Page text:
I have been thinking about this for a while and since I am needing to get stuff to display at the Bay Area Maker Faire, I thought I’d get started on this.
When I was little, we would go visit my Polish grandparents in St. Louis. They had a wooded toy box (about the size of an old beer case, which it probably was). It contained all sorts of small toys, all wooden. I remember the blocks. And I remember the fights we’d get into when one of the siblings inevitably knocked over our towers.
At the moment, I have just painted the engraved lettering. I remember that the blocks we played with had different colored letters on them.I really think that I have to do a lighter engrave and fill the engrave with paint or some type of infill. Although the paint works fine.
I used makerabox.io for the pattern. I entered in a .005" kerf width and it fits very tight and holds together. It outputs a PDF that I just dropped in and printed. Really amazing how fast you can make some cubes. There was one issue. It was missing one small cut on two tabs. Looking at how the PDF was placed in the Glowforge workspace, I can see what happened. One of the sides overlapped the no-go zone and seemed to get split in half. When I moved the design around to fit into some odd shaped leftover pieces, I must have left those little lines out. Easy enough to take care of with a box cutter.
Note how I have selected the tiny side of a tab.
Here is a pic of the one side that got split in half. I’m going to redo this with one of the other box generators. I’d like to have an SVG of the cut file so I can tweak just a bit. I’d like to be able to eliminate how the tabs are proud. We’ll see. The boxes are 1.65" cubed.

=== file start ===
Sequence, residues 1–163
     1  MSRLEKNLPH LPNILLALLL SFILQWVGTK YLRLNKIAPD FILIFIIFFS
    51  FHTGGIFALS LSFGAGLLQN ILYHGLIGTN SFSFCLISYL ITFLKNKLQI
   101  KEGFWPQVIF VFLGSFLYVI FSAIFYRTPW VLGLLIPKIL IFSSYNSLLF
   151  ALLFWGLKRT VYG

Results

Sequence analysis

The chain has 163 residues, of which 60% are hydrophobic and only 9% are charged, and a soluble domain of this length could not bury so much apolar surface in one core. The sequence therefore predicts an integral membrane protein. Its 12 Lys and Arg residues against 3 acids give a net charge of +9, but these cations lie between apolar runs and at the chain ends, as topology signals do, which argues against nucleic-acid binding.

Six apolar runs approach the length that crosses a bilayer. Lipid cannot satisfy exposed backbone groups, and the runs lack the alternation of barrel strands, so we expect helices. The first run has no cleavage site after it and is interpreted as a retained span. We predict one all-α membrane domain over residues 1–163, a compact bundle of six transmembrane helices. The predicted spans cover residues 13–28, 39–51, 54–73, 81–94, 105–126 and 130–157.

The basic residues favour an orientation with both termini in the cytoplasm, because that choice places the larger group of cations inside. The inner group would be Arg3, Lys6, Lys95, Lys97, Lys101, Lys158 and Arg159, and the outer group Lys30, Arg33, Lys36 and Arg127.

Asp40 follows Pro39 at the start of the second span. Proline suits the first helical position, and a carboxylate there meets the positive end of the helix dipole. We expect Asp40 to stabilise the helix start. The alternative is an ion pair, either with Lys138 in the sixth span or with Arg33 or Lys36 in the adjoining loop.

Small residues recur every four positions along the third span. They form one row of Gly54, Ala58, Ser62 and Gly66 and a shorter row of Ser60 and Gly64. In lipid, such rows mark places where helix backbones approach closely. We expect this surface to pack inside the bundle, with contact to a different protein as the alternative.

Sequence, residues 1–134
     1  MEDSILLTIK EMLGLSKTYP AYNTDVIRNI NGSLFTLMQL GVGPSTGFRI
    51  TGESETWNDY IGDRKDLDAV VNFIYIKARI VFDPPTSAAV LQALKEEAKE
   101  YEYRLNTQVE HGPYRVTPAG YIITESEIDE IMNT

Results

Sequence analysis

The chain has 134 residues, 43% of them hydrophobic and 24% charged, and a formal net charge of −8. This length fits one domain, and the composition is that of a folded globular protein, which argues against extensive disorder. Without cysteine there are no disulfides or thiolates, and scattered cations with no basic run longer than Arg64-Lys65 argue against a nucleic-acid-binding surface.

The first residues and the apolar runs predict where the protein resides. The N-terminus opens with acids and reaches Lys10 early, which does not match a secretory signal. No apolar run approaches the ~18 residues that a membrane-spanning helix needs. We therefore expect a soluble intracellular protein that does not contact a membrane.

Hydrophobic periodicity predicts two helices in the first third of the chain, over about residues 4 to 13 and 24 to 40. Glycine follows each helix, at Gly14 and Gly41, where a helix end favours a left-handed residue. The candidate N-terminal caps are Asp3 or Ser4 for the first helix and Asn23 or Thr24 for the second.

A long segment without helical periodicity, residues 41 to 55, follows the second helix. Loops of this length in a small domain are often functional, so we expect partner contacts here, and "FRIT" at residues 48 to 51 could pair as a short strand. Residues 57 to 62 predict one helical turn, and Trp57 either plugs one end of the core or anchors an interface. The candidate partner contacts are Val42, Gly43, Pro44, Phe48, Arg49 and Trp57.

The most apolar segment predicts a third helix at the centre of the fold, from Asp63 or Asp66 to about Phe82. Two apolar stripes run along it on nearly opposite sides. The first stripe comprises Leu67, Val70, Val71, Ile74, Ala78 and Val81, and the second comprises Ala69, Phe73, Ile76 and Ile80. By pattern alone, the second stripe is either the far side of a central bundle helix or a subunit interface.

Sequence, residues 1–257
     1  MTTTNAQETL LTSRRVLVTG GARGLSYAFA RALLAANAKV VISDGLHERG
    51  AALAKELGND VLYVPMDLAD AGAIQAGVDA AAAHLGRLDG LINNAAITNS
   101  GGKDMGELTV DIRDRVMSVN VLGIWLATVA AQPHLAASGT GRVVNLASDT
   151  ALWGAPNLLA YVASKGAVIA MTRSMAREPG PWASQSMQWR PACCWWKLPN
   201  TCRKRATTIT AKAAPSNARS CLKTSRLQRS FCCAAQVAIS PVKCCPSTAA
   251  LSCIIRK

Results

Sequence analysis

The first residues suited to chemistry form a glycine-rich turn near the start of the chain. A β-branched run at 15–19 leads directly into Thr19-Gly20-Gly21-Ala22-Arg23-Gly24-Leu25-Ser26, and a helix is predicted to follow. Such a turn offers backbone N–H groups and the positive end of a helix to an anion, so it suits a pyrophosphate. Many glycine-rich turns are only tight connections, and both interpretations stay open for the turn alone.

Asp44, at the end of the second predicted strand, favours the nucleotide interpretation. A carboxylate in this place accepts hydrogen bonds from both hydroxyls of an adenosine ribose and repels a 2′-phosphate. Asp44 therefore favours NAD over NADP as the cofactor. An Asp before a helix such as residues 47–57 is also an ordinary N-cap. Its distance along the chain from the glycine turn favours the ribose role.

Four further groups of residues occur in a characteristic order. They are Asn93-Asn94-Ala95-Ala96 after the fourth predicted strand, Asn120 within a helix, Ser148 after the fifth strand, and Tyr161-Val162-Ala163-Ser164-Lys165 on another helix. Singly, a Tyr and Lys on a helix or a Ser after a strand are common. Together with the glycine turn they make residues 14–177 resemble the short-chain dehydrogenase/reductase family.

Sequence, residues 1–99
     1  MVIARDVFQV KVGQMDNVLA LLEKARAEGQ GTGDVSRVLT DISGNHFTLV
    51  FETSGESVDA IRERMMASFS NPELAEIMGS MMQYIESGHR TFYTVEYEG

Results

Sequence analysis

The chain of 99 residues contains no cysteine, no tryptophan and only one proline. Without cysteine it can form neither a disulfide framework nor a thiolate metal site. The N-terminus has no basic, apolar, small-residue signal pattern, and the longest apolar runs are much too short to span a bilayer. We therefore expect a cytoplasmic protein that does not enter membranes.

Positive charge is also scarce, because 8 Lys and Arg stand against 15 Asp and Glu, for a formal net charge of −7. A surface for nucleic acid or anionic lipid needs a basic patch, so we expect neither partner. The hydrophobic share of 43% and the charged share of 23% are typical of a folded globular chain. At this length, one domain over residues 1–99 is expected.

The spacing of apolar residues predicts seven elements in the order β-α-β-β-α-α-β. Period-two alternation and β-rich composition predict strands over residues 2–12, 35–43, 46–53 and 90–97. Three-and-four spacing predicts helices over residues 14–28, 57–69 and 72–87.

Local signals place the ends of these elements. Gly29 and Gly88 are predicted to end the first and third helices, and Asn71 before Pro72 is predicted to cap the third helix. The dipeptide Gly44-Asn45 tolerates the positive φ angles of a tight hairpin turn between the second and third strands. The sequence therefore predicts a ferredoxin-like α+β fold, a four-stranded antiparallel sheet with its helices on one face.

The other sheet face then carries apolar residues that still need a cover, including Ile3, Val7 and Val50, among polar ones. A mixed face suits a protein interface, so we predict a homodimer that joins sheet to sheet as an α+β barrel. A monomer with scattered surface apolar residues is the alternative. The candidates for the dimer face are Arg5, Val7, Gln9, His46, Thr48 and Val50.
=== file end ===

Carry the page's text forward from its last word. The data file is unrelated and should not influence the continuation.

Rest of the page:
I had cut each of the sides in some odd place on scrap plywood, from two different sheets. They behaved fine. One interesting things is that the top and bottom (the pieces that have the four corners with big squares on them (it has a white “X” on it in the picture), fit better with top side in. Part of that is a function of how the laser cuts through a thickness. “Fit” is a relative term. It slid in slightly easier but holds together perfectly.
While the masking was on, I sanded the “Ed Burns” a bit, not really to get rid of the char but more to get make the tabs flush with the connecting side. This particular pattern left the tabs slightly proud. It all worked just fine but if I am going to make a bunch of them, I’d like to work on the design to tweak it ever so lightly for a perfect fit. No glue is needed but I think for permanent use, I’d glue them in case differential seasonal fluctuations in humidity would make them less liable to stick together.
And finally, You need a set of the alphabet in your design space. They come in handy. I can engrave or cut these each individually and put them where I need to. This is an SVG with the text letters changed from stroke to path and broken up to make them pure vectors.
I’ve been thinking about letter placement on the blocks. I thought I would make sure all the vowels got their own blocks and make sure the “q” and the “u” are on different blocks. Might repeat a few of the more frequent letters. An interesting linguistic question: How does one make a set of alphabet blocks for English?
Finally, I have to go pick up one more color of paint so there are six colors for the six sides. I have five bottles of different colored acrylic.